In 2015 Time magazine ran a story by Jon Birger called “What Two Religions Tell Us About the Modern Dating Crisis,” arguing that a widening gender lopsidedness among men and women in Utah had made it nearly impossible for Mormon women to find a husband.
Birger, the author of Date-onomics, claimed this had resulted in a state of desperate competition among young Mormon women:
Mormon men have become much more demanding about women’s looks, which in turn has made women obsessed with standing out from the competition. One consequence: A culture of plastic surgery has taken root among Mormon women.
“I have seen more outrageous boob jobs and facial plastic surgery in Utah than almost anywhere in the country—especially among Mormon women,” said Bowman. “They may claim chastity as a virtue overall, but that’s not stopping anyone from getting a set of double-Ds.”
The article presented a string of circumstantial evidence to support the claim that Mormon women are leading the pack in the number who have cosmetic surgery. For example, Salt Lake City had 2.5 times the number of plastic surgeons per capita than was typical for a city of its size, according to Forbes magazine; it also had a high rate of Internet searches for people looking to get breast augmentations.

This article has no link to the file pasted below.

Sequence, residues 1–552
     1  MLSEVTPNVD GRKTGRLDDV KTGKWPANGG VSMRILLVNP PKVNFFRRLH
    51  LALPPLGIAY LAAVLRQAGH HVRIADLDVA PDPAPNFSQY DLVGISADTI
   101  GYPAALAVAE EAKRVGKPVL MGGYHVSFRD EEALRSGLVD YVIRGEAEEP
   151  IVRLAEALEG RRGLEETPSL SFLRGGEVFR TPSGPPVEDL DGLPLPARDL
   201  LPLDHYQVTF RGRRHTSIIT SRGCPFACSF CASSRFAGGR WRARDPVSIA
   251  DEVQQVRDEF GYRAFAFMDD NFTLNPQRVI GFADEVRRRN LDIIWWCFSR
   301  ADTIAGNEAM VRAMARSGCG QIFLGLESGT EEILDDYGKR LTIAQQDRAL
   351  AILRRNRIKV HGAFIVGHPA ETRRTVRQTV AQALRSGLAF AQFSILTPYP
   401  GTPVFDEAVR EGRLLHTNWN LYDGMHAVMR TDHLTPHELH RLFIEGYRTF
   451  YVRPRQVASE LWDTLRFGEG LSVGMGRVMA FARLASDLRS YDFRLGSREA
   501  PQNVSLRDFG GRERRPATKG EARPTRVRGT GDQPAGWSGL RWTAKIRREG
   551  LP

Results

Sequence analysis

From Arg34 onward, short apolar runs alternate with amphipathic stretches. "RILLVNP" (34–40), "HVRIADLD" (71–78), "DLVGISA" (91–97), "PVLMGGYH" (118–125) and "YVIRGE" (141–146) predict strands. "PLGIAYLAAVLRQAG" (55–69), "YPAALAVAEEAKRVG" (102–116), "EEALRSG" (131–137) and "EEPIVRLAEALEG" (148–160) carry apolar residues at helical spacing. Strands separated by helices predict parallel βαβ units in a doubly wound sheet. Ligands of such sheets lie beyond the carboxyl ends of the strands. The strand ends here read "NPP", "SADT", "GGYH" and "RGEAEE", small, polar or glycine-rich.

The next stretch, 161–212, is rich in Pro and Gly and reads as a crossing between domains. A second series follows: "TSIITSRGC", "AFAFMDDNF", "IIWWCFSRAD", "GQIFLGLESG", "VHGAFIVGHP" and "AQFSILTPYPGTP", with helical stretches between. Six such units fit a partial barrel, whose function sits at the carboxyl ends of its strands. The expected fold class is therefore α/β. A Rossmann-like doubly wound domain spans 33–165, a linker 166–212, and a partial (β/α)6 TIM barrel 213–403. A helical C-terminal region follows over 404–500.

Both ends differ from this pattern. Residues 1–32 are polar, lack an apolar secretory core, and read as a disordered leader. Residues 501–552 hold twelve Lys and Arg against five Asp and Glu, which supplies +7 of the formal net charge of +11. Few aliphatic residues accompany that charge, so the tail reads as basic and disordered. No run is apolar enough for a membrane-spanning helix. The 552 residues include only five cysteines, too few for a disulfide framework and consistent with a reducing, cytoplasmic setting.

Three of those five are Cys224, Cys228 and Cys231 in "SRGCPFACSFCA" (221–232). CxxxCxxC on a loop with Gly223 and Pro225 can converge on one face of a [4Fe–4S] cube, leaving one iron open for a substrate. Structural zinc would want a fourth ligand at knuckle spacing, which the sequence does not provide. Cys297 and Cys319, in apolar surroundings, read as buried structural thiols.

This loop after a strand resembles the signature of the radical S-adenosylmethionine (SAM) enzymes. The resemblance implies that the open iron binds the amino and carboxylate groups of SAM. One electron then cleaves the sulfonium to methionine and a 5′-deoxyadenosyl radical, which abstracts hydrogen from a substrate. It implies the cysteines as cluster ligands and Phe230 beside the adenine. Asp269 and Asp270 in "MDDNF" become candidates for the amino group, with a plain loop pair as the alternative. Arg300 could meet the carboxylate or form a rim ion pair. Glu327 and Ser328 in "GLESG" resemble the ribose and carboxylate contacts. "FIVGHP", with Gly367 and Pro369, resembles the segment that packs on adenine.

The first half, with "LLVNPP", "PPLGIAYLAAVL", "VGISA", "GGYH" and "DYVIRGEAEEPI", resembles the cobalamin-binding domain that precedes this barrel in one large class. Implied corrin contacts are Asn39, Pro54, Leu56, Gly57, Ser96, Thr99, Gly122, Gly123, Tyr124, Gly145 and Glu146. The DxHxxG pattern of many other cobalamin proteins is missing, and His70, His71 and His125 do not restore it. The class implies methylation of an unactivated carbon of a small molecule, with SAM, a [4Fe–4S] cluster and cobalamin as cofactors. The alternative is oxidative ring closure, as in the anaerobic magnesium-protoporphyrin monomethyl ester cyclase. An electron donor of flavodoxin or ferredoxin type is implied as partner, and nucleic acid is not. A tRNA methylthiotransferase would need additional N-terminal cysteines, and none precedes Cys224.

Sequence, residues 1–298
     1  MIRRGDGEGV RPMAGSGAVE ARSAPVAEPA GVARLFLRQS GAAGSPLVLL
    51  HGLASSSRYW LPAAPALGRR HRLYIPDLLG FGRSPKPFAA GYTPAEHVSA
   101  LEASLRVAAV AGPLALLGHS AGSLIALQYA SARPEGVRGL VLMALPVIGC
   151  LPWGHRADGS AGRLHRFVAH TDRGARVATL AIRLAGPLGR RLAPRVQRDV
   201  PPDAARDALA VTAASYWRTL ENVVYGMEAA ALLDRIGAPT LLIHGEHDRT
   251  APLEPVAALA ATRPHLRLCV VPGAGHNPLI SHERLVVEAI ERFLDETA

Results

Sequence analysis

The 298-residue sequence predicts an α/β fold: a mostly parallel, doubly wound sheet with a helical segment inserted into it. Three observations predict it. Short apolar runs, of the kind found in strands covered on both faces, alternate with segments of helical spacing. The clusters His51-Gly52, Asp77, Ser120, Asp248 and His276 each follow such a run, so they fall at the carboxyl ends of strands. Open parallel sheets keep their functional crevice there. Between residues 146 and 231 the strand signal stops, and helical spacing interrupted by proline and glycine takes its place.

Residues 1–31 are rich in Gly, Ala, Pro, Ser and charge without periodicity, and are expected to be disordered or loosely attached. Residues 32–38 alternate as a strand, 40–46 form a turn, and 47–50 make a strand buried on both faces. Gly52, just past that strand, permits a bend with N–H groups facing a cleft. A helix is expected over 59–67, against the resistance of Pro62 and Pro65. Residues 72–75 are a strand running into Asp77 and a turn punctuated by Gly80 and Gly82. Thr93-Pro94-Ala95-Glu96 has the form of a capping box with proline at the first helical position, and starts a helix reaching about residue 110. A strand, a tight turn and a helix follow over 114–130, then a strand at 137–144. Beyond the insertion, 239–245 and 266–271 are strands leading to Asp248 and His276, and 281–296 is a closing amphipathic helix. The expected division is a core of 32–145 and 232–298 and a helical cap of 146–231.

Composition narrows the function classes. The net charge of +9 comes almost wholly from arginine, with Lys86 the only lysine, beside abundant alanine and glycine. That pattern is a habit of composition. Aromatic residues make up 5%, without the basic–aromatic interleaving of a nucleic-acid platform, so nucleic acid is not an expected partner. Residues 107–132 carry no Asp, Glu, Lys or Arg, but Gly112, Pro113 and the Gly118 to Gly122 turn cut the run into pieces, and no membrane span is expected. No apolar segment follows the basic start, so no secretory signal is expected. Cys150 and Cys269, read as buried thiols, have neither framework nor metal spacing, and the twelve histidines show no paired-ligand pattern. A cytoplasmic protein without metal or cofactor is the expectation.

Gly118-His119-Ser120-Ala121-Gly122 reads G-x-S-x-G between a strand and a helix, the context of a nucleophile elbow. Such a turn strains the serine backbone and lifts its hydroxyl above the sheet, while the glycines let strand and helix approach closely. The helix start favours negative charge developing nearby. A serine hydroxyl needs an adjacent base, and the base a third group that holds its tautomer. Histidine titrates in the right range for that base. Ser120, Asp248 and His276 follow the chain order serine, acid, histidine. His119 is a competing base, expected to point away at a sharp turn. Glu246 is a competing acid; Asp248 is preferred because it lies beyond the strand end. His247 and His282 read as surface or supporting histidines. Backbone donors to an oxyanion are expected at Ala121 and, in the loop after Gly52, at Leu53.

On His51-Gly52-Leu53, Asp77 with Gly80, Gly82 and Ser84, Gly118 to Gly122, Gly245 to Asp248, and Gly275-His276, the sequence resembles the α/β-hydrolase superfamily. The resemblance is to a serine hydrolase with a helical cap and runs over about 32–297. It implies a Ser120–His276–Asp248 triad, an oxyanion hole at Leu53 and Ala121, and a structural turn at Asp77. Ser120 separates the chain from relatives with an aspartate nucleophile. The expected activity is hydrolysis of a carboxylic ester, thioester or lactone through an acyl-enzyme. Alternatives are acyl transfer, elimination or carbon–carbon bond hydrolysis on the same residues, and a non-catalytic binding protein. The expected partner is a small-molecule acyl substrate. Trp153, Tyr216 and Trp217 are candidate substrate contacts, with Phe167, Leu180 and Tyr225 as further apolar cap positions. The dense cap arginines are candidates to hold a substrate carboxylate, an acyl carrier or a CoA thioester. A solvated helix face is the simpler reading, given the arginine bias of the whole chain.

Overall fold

I personally found the claim believable, especially as the article slipped it in after presenting legitimate sociological research by Ryan Cragun and Rick Phillips, both responsible scholars whose work I trust. Ryan and Rick are correct about the gender lopsidedness of the Mormon dating scene, as explained in this post from 2015. Mormon women are at a significant disadvantage in the dating scene, numbers-wise, especially in Utah.
And the plastic surgery claim (which did not originate with Ryan and Rick) I believed only because I’d driven many times along I-15 in Utah. Anyone who does that and sees the billboards for one cosmetic surgery procedure after another might conclude that there’s something a little funky about Mormons and plastic surgery. So many advertisements for bigger boobs, younger faces, flatter stomachs . . . and most seemed directed at women.
Curious about whether such anecdotal evidence would bear out statistically, I added a question about cosmetic surgery to The Next Mormons survey, a nationally representative sample of 1155 current Mormons.
The results were quite ordinary and nonspectacular: Mormons as a whole have almost the exact same rate of self-reported plastic surgery procedures as people in the general population, as measured in a 2016 Pew survey. It’s three-tenths of a point higher, which is not statistically significant.
Among Mormon women, it’s even lower than for women nationally.
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SOURCE: Religion News Service